How To Talk To Your Kids About Sex

Written by Emma Dixon, PhD

In my work, I help people recover from childhood sexual abuse or adult trauma. I also help couples expand their sexual repertoire and boundaries in relationships by, for example, exploring BDSM and Tantra.

Outside of work, I'm a mother to two boys and a girl. I am often asked how to have a healthy relationship with sex and their sexuality. Here is my answer:

Most importantly, nurture their innocence. I don't mean "innocence" in a cliché way, but rather as a concept to highlight the importance of individuality when it comes to each person's unique journey with sex. Sexuality is a sacred aspect of selfhood which unfolds within an individual's larger process of growth and self-discovery. It should never be rushed, interfered with, or judged.

Adults who enjoy sex the most approach sex with innocence, and by that I mean a childlike delight, free from shame, imbued with curiosity and an attitude of wonder. Whether you're into sweet lovemaking or flogging, it is the Buddhist-style "Beginner's Mind" approach that makes sexuality fun, connecting, and endlessly engaging.

Here are some crucial reminders to help you approach the difficult question of how to approach "sex ed" with your kids. Keep these tips in mind to ensure your kids will have the best foundation to remain safe, self-empowered and innocent when it comes to sex.

1. Nurture their self esteem, especially their body image.

Emphasize character and positive capabilities rather than looks. Both boys and girls are pressured to conform to certain standards of appearance, which creates self-consciousness that will have a consequence for later sexual confidence. As parents we can do so much to influence what they should value in themselves. This is so especially for females; one of the ways in which girls are sexualized young is that people tend to comment on how girls look rather than what they are reading or doing in life.

2. Name their genitals correctly.

Please just call it what it is, penis, vagina, whatever. Being matter-of-fact about sexuality is important, because it takes the judgment and subsequent shame out of it. Not to mention, knowing what genitals are actually called is helpful later on.

3. Talk openly about matters of sexuality and don't judge!

It's crucial when talking about sexuality to meet kids where they are at. Some kids are curious at six; yet some twelve year-olds are utterly disinterested, so don't push it! At age six, the mechanics of sex can be explained to the doggedly curiously child who insists on knowing "how."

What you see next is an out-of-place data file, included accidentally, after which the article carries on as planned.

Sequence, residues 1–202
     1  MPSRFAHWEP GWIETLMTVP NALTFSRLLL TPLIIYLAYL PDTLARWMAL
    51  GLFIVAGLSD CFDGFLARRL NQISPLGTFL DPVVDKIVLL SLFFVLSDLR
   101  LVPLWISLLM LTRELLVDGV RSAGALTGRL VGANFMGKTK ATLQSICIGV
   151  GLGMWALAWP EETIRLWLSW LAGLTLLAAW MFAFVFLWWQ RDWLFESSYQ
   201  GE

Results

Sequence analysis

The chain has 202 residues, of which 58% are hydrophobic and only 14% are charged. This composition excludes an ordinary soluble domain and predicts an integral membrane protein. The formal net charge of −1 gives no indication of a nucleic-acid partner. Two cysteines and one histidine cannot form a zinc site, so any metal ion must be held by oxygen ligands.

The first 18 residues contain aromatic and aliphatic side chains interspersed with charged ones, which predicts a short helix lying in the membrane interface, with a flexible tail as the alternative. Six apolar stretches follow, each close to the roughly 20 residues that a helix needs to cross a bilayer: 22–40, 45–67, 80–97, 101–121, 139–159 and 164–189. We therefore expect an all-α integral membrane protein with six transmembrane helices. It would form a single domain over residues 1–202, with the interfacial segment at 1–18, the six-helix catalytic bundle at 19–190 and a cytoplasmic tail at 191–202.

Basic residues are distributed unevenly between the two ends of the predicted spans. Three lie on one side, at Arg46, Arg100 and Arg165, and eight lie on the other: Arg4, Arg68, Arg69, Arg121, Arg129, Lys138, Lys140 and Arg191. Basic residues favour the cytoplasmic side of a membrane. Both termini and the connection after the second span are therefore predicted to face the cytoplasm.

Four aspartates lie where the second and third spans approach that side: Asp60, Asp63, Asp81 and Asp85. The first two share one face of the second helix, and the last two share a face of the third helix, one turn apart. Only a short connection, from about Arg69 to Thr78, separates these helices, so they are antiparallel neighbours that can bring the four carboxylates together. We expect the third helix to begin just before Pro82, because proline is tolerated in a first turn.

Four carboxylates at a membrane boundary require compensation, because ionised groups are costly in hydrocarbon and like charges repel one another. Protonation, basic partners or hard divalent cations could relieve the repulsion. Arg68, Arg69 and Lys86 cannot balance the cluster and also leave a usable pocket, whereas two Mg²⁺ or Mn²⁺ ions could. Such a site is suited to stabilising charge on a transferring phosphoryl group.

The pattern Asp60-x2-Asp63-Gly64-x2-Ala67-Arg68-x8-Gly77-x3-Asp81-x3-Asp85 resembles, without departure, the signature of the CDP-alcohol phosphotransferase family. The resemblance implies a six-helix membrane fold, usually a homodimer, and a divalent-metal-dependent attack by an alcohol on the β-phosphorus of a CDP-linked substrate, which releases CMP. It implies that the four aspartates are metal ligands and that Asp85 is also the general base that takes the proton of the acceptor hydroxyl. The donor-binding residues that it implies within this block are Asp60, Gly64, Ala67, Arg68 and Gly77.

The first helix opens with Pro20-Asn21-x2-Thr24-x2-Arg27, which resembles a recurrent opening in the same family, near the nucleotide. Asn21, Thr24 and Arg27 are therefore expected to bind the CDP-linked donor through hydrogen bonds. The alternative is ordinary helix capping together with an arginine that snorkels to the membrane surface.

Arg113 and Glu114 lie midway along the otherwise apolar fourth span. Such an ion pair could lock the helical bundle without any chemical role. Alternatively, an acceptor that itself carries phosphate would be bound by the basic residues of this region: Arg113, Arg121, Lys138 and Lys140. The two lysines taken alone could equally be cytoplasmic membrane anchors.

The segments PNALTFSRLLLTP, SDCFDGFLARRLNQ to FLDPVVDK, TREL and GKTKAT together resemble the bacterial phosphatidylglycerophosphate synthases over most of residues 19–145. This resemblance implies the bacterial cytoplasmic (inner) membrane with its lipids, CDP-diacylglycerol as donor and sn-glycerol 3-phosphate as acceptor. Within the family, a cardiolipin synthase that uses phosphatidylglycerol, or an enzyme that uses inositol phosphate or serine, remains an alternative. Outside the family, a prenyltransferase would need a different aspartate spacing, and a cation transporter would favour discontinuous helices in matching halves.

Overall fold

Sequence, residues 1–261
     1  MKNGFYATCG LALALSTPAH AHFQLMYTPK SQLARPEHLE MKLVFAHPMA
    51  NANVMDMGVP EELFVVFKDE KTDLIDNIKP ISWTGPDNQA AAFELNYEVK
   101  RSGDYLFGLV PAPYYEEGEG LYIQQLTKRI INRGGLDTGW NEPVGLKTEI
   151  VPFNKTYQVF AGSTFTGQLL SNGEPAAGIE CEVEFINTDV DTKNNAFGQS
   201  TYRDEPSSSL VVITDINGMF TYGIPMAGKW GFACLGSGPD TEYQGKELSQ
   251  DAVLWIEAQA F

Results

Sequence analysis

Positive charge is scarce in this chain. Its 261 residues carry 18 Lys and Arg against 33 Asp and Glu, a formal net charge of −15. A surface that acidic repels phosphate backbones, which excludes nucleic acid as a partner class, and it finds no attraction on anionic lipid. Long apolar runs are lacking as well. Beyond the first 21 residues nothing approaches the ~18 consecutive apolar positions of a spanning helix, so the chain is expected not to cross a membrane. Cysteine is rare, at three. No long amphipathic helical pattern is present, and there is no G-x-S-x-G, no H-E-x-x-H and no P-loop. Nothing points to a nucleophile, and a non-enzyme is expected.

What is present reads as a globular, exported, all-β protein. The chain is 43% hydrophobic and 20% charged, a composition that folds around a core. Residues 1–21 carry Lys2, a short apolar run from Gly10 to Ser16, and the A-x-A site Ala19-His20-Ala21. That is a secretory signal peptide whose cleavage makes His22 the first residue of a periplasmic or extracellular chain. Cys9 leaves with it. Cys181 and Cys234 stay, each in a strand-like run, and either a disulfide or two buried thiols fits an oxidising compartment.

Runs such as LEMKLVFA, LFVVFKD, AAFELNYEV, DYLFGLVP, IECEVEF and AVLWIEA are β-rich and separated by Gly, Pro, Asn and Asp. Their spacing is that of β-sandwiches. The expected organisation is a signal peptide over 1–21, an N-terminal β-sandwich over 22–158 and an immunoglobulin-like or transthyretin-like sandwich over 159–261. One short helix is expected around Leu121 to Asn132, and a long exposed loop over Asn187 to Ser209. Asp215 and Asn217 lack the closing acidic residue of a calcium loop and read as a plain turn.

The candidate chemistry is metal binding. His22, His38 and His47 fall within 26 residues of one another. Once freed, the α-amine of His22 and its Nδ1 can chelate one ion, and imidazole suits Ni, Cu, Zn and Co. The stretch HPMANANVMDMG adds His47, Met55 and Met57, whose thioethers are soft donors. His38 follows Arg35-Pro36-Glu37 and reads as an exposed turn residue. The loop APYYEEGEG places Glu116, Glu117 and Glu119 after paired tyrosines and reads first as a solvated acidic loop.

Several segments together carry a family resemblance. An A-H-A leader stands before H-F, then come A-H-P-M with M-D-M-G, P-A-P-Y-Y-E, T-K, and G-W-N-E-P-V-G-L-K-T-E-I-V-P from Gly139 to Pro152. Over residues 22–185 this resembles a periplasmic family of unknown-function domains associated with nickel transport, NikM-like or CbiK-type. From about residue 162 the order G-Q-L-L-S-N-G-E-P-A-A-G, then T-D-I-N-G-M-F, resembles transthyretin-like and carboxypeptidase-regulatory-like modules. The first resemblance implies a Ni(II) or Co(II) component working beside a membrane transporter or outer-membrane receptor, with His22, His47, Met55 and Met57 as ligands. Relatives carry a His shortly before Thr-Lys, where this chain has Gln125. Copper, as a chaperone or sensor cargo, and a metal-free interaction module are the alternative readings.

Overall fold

But that young child cannot understand desire and partner connection, so keep it to the basics of biology. This is the case even when the child understands arousal (children can climax from a young age without knowing what is happening, and boys can do so without ejaculating).

For prepubescent children, pleasure from one's genitals is not yet associated with romance and other people, nor should it be! It is simply about their evolving relationships with their own bodies, which should be accepted, validated, and put in an appropriate social context (self-exploration is to be done in private and alone).

It's easy to shame a child around sexuality just by being uncomfortable and avoidant, particularly if your child is of a different gender or sexual orientation. Even if you are not comfortable about knowing what's going on in your child's sexual development, or peer group, ask questions with an open mind, and listen.

If you don't judge, your child will keep sharing. When your child feels accepted, he or she will make the wisest choices.

4. Be realistic about pornography and put it in context for your children.

By age twelve most children will likely have had some kind of exposure to pornography, so start talking about it beforehand. Explain that whether they want to see it or not, and despite all parental attempts to block it, something will pop up, perhaps on a friend's device. They need to understand that it's entertainment, not documentary, and solely meant to arouse, not inform. Certainly it's more likely that boys will see it than girls.

The number of men I see who are anxious about their penis size and performance because of porn far exceeds the number of women I've seen who have felt objectified by men who watch porn. For those of us who are parents of sons, we have a particular responsibility to correct our boys' perceptions both of women, and of what they should expect of themselves as young men.

5. Emphasize the importance of consent.

Consent is about only being sexual with someone when you feel 100% sure that you want to be sexual, and when you have your partner's absolute consent too.

As parents, one of the biggest gifts we can give our children is the confidence and self-esteem to know what feels right, and what feels wrong, and to be sensitive about how others feel as well. We do this by respecting our children's opinions and boundaries — by truly listening, and acting on what we hear.

No matter how confronting it may be to witness our children evolve as sexual beings, it's well worth doing mindfully and with an open mind. Sexuality is crucial to our identity, well-being and happiness as adults. As parents, we have both the responsibility and the joy of protecting our children's' innocence, and also guiding them toward a self-confident and enjoyable adult sexuality.

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